The Mikoyan MiG-23 "Flogger" was the Soviet Air Force’s "Top Gun" equivalent aggressor aircraft from the late 1970’s to the late 1980’s. It proved a difficult opponent for early MiG-29 variants flown by inexperienced pilots. Exercises showed when well-flown, a MiG-23MLD could achieve favorable kill ratios against the MiG-29 in mock combat by using hit-and-run tactics and not engaging the MiG-29’s in dogfights. Usually the aggressor MiG-23MLD’s had a shark mouth painted on the nose just aft of the radome, and many were piloted by Soviet-Afghan War veterans. In the late 1980’s, these aggressor MiG-23’s were replaced by MiG-29’s, also featuring shark mouths.

Performance Tests

Many potential enemies of the USSR and its client states have had opportunities to evaluate the MiG-23’s performance. In the 1970’s, after a political realignment by the Egyptian government, Egypt gave MiG-23MS’s to the United States and the People’s Republic of China in exchange for military hardware. In the US, these MiG-23MS’s, and other variants acquired later from Germany, were used as part of a Soviet military hardware evaluation program. Dutch pilot Leon Van Maurer, who had more than 1,200 hours flying General Dynamics F-16 "Fighting Falcons", flew against MiG-23ML’s from air bases in Germany and the U.S. as part of NATO’s aerial mock combat training with Soviet equipment. He concluded the MiG-23ML was superior in the vertical to early General Dynamics F-16 "Fighting Falcon" variants, just slightly inferior to the General Dynamics F-16A "Fighting Falcon" in the horizontal, and had superior BVR capability.

The Israelis tested a MiG-23MLD flown to them by a Syrian defector, and found it had better acceleration than the General Dynamics F-16 "Fighting Falcon" and McDonnell Douglas F/A-18 "Hornet".

US and Israeli reports also found that the MiG-23’s Head-Up Display (HUD) doubles as a radarscope, allowing the pilot to keep his eyes focused at infinity while operating his radar. This allowed the Soviets to omit the separate radarscope from the MiG-23. This feature was carried over into the MiG-29, though in that aircraft, a cathode ray tube (CRT) is carried on the upper right corner to double as a radarscope. Western opinions about this "head-up radarscope" are mixed. The Israelis were impressed, but an American General Dynamics F-16 "Fighting Falcon" pilot criticized it as "sticking a transparent map in front of the HUD" and not providing a three-dimensional presentation that would accurately cue a pilot’s eyes to look for a fighter as it appears in a particular direction.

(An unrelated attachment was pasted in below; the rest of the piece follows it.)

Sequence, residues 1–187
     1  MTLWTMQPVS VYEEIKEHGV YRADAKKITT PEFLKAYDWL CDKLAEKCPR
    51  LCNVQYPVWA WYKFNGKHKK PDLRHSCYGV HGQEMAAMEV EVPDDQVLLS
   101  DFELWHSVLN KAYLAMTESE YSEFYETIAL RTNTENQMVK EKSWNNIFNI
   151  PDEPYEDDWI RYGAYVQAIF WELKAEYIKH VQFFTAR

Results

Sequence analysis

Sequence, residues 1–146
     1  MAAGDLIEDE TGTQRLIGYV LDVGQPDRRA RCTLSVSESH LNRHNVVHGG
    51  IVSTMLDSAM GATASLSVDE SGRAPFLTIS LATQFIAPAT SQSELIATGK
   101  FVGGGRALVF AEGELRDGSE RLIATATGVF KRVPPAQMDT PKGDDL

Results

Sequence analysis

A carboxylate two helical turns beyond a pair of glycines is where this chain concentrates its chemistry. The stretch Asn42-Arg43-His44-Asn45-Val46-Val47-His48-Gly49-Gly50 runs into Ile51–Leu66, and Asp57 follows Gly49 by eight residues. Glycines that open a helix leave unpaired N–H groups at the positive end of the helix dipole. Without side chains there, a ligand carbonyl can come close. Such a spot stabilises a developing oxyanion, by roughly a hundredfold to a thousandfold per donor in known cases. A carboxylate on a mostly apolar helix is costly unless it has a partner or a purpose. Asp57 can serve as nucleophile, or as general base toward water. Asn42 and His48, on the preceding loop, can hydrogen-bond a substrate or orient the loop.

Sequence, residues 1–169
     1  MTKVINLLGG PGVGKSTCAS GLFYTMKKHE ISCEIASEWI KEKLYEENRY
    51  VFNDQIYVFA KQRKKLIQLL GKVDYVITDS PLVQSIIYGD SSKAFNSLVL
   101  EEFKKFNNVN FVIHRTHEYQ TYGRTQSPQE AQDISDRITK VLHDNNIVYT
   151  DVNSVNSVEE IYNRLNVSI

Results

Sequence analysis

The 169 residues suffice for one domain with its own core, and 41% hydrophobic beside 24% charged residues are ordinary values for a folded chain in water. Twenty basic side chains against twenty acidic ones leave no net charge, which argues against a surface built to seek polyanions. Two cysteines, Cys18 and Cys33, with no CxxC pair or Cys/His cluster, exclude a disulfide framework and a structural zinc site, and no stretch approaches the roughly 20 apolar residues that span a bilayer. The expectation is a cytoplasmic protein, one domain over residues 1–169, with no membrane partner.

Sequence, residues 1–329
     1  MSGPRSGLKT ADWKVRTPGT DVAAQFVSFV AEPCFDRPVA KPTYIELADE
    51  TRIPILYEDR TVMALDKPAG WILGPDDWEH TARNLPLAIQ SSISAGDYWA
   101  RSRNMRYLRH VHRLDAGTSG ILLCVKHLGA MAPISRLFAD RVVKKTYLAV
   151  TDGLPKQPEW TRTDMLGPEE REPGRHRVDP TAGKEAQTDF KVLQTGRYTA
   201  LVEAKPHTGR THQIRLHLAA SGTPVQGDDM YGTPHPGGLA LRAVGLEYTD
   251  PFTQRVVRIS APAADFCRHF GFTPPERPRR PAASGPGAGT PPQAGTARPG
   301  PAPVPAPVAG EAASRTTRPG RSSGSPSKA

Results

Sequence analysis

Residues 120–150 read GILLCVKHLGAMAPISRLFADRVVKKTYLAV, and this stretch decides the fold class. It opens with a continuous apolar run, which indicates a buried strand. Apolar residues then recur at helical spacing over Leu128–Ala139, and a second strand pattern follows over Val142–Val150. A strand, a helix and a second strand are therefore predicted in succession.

Additionally, a Cuban pilot flew a MiG-23BN to the US in 1991, and a Libyan Mikoyan MiG-23 "Flogger" pilot also defected to Greece in 1981. In both cases, the aircraft were later repatriated.

The early MiG-23M series was also used to test the American Northrop F-5 "Freedom Fighters" captured by the North Vietnamese and sent to the former USSR for evaluation. The Russians acknowledged the Northrop F-5 "Freedom Fighter" was a very agile aircraft, and at some speeds and altitudes better than the MiG-23M, one of the main reasons the MiG-23MLD and MiG-29 developments were started. These tests allowed the Russians to make modifications to several of their fourth-generation aircraft. The MiG-23, however, was not designed to combat Northrop F-5 "Freedom Fighters", a weakness reflected by early Mikoyan MiG-23 "Flogger" variants.

Early Western reports claimed that the aircraft had poor dogfighting capability, due to being designed to out accelerate the General Dynamics F-111 "Aardvark". Later analysis showed the Mikoyan MiG-23 "Flogger" to be equivalent to the McDonnell Douglas F-4 "Phantom II", surpassed only by newer fourth-generation fighters, such as the McDonnell Douglas F-15 "Eagle" and General Dynamics F-16 "Fighting Falcon". (The Mikoyan MiG-23 "Flogger" is considered a third-generation jet fighter.) The Soviet combat manual for MiG-23MLD pilots claims the MiG-23MLD to have a slight superiority over the McDonnell Douglas F-4 "Phantom II" and "Kfir", but is no match for the McDonnell Douglas F-15 "Eagle" and General Dynamics F-16 "Fighting Falcon" in most combat parameters. This manual also recommends tactics to be used against these fighters.

Variants 2



Ground-Attack Variants

Proposed Variants and Upgrades

Specifications (MiG-23UB "Flogger-C") 3

General Characteristics

Additional Comments


Weights and Loadings




Additional Note

According to the MiG-23ML manual, the MiG-23ML has a maximum sustained turn rate of 14.1 deg/sec and a maximum instantaneous turn rate of 16.7 deg/sec. The MiG-23ML accelerates from 600 km/h (373 mph) to 900 km/h (559 mph) in just 12 seconds at the altitude of 1000 meters. The Mikoyan MiG-23 "Flogger" accelerates at the altitude of 1 km from the speed of 630 km/h (391 mph) to 1300 km/h (808 mph) in just 30 seconds and at the altitude of 10-12 km will accelerate from Mach 1 to Mach 2 in just 160 seconds.


  1. Photos: John Shupek
  2. Wikipedia, the free encyclopedia, Mikoyan MiG-23
  3. Belyakov, R.A. and J. Marmain. MiG: Fifty Years of Secret Aircraft Design. Annapolis, Maryland: US Naval Institute Press, 1993. ISBN 978-1-55750-566-8. pp 363-366